The recent sighting of a sharp-tailed snake near Pemberton has biologists buzzing as it was the first documentation of the endangered species anywhere on the Canadian mainland.
Whistler-based snake expert Leslie Anthony made the find on Saturday (Aug. 6) in the Pemberton Valley while looking instead for rubber boas. He said he was "totally shocked" by the discovery.
"It was in Pemberton where it shouldn't be," laughed Anthony. "This snake is only known from some of the Gulf Islands and (around) Victoria. It had never been confirmed on the mainland of British Columbia before so it's a big deal."
The sharp-tailed snake is on the B.C. Ministry of Environment's endangered species red list, the highest at-risk category. They are distinguished by a thorn-like, pointed tail and a red- or grey-brown colour and are about 30 centimetres long when fully grown.
"I pulled up a piece of bark and saw this thing with a pinkish hue and thought it was a baby rubber boa," recalled Leslie. "But then I looked closer and thought, 'Wait a minute, there's way too much snake here to be a baby.' I knew what it was immediately, but I was stunned because they've never been recorded here."
Anthony kept the snake to display during Whistler BioBlitz this weekend and released the lizard back into the wild on Monday (Aug. 8) where he found it.
Dozens of biologists specializing in different fields were at the BioBlitz event and Anthony said their reaction to seeing the sharp-tailed snake was similar to his own.
"Every single person was stunned," he said. "This thing is so rare that even the botanists, the mushroom people and the bat people - everyone knew. They were just like 'Are you kidding me? A sharp-tailed? That's impossible.' We were all pretty over the moon."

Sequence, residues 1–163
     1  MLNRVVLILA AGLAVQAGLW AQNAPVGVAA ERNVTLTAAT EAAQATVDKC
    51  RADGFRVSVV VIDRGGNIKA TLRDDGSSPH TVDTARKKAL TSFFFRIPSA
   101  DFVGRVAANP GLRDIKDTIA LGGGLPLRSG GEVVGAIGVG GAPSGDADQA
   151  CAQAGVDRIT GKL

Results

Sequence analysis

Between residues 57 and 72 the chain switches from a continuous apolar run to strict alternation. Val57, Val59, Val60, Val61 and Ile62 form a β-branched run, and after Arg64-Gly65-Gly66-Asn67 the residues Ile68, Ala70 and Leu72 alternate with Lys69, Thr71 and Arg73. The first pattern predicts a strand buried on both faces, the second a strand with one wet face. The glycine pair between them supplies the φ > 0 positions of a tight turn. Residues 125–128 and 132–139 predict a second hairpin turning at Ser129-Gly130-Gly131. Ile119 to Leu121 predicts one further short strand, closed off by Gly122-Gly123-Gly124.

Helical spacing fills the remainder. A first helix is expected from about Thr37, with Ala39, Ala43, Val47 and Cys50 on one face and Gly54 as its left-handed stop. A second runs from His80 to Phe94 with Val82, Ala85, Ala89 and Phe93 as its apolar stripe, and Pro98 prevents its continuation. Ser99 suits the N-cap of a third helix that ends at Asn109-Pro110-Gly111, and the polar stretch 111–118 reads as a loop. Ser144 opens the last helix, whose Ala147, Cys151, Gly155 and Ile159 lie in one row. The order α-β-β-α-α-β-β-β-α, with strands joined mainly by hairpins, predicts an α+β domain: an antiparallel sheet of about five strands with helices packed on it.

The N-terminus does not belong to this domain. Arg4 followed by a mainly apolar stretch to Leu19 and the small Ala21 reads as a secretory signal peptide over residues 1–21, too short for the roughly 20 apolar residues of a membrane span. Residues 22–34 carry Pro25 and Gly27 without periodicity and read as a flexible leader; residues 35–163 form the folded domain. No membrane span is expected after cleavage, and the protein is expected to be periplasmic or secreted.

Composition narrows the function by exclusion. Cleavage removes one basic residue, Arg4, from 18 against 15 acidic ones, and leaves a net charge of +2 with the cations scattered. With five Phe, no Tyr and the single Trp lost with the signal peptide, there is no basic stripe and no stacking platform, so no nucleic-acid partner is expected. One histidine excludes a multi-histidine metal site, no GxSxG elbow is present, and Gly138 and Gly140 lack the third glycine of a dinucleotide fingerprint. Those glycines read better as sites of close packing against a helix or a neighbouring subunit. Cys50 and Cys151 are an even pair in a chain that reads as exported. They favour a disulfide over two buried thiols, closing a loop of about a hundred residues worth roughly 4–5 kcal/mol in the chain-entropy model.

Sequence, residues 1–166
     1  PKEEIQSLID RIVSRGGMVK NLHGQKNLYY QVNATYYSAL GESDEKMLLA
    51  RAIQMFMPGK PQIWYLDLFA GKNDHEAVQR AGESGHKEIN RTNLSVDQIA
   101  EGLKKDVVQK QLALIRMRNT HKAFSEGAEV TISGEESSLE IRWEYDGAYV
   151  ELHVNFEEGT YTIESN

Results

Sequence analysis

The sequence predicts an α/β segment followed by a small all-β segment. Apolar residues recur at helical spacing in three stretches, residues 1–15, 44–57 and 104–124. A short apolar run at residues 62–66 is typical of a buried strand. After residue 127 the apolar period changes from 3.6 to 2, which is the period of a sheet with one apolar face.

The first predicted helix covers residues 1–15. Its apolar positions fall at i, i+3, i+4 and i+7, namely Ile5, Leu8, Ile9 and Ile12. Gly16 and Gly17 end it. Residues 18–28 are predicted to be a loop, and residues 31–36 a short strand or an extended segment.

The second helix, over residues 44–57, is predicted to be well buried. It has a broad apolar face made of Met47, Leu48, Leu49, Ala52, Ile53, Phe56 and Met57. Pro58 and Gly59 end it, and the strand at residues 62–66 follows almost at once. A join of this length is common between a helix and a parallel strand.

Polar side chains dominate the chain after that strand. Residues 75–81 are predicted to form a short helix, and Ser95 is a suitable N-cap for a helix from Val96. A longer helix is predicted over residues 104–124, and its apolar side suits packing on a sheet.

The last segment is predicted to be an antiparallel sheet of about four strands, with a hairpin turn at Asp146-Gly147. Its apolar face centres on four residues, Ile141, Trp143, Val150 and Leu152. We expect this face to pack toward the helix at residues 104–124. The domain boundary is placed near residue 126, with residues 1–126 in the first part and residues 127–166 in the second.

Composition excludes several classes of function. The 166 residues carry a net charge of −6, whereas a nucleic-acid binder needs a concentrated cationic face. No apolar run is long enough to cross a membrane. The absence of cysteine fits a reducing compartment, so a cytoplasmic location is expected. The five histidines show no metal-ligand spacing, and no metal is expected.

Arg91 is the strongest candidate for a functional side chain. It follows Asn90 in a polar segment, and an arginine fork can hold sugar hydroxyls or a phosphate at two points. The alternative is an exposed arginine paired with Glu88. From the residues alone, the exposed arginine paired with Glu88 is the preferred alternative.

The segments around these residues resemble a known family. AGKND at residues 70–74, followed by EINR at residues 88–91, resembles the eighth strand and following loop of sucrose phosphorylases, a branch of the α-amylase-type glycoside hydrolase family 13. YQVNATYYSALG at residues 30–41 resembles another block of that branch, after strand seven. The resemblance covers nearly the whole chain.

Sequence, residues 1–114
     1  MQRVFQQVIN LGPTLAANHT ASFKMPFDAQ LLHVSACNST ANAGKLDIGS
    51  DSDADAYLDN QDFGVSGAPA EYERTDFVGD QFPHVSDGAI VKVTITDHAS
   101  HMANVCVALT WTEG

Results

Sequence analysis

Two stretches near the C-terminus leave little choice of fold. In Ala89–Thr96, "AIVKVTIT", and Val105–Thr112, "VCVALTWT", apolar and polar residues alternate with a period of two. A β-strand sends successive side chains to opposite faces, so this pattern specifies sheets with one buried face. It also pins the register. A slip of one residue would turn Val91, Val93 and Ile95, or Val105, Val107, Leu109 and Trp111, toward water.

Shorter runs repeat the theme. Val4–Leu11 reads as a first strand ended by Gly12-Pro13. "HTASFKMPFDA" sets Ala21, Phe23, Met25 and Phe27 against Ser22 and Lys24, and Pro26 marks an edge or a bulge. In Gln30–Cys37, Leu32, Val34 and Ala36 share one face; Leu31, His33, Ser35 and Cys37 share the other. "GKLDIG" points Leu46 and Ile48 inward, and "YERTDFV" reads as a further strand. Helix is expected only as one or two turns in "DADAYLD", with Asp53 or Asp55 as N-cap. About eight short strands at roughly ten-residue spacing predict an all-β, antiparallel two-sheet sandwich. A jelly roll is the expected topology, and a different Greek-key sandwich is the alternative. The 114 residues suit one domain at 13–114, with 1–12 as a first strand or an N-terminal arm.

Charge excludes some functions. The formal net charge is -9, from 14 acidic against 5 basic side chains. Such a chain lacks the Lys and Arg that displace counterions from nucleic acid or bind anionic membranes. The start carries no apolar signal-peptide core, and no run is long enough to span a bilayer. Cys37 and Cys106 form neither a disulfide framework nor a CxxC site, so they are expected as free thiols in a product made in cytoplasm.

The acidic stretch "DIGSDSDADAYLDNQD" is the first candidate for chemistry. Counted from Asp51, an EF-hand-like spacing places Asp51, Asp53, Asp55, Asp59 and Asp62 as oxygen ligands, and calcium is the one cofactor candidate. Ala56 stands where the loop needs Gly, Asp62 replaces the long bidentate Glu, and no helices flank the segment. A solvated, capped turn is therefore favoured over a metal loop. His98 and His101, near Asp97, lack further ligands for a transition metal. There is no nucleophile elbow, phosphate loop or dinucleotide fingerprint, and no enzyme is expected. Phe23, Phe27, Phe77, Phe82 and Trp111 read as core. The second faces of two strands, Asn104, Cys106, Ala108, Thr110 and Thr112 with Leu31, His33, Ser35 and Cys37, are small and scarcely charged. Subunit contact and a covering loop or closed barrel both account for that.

Anthony said that sharp-tailed snakes are already tough to find because they are "burrowing snakes" that like to stay under cover and avoid light. He added that discovering one in the summer was rare in itself because the species is known to limit activity during the hottest months of the year.
"Probably the fact that we've had such a crappy, wet summer up until now is responsible for me finding it in August," he said.
The Ministry of Environment has a recovery team in place with the objective of protecting sharp-tailed snake habitats and population. Christian Engelstoft, a Victoria-based biologist that has worked as a consultant to the recovery team, said the discovery of a new population is "exciting" and could show that the "secretive" snake is occupying other parts of the province.
"You can't find just one snake, it comes with a whole population of snakes - unless someone had dropped it off yesterday," he laughed. "If you can find it in that valley, why not in the next one over?
"If it's there, we should probably start to look in other places."
For example, previous specimens were reported near Chase at McGillivray Lake in the 1960s but most in the scientific community have dismissed it as an error. Engelstoft said Anthony's discovery may now bring some legitimacy to the nearly 50-year-old sighting well west of the Pemberton Valley.
The Committee of the Status of Endangered Wildlife in Canada also lists the species as endangered and notes human development as its biggest threat in a 2009 assessment summary. The snake can also be found in Washington, Oregon and California and is considered of "least concern" by the International Union for Conservation of Nature on its annual red list.
The sharp-tailed snake is now one of five identified snake species living in the Pemberton region. None are venomous.
"This makes the Pemberton Valley a centre of reptile and amphibian biodiversity in this province. It's got quite a mix of species certain species that are more characteristic of the interior and certain species like this one that are characteristic of the coast," said Anthony.
"It's an eye-opener all-around in terms of us not knowing what's out there and also making sure we don't destroy all habitat before we find out what's out there."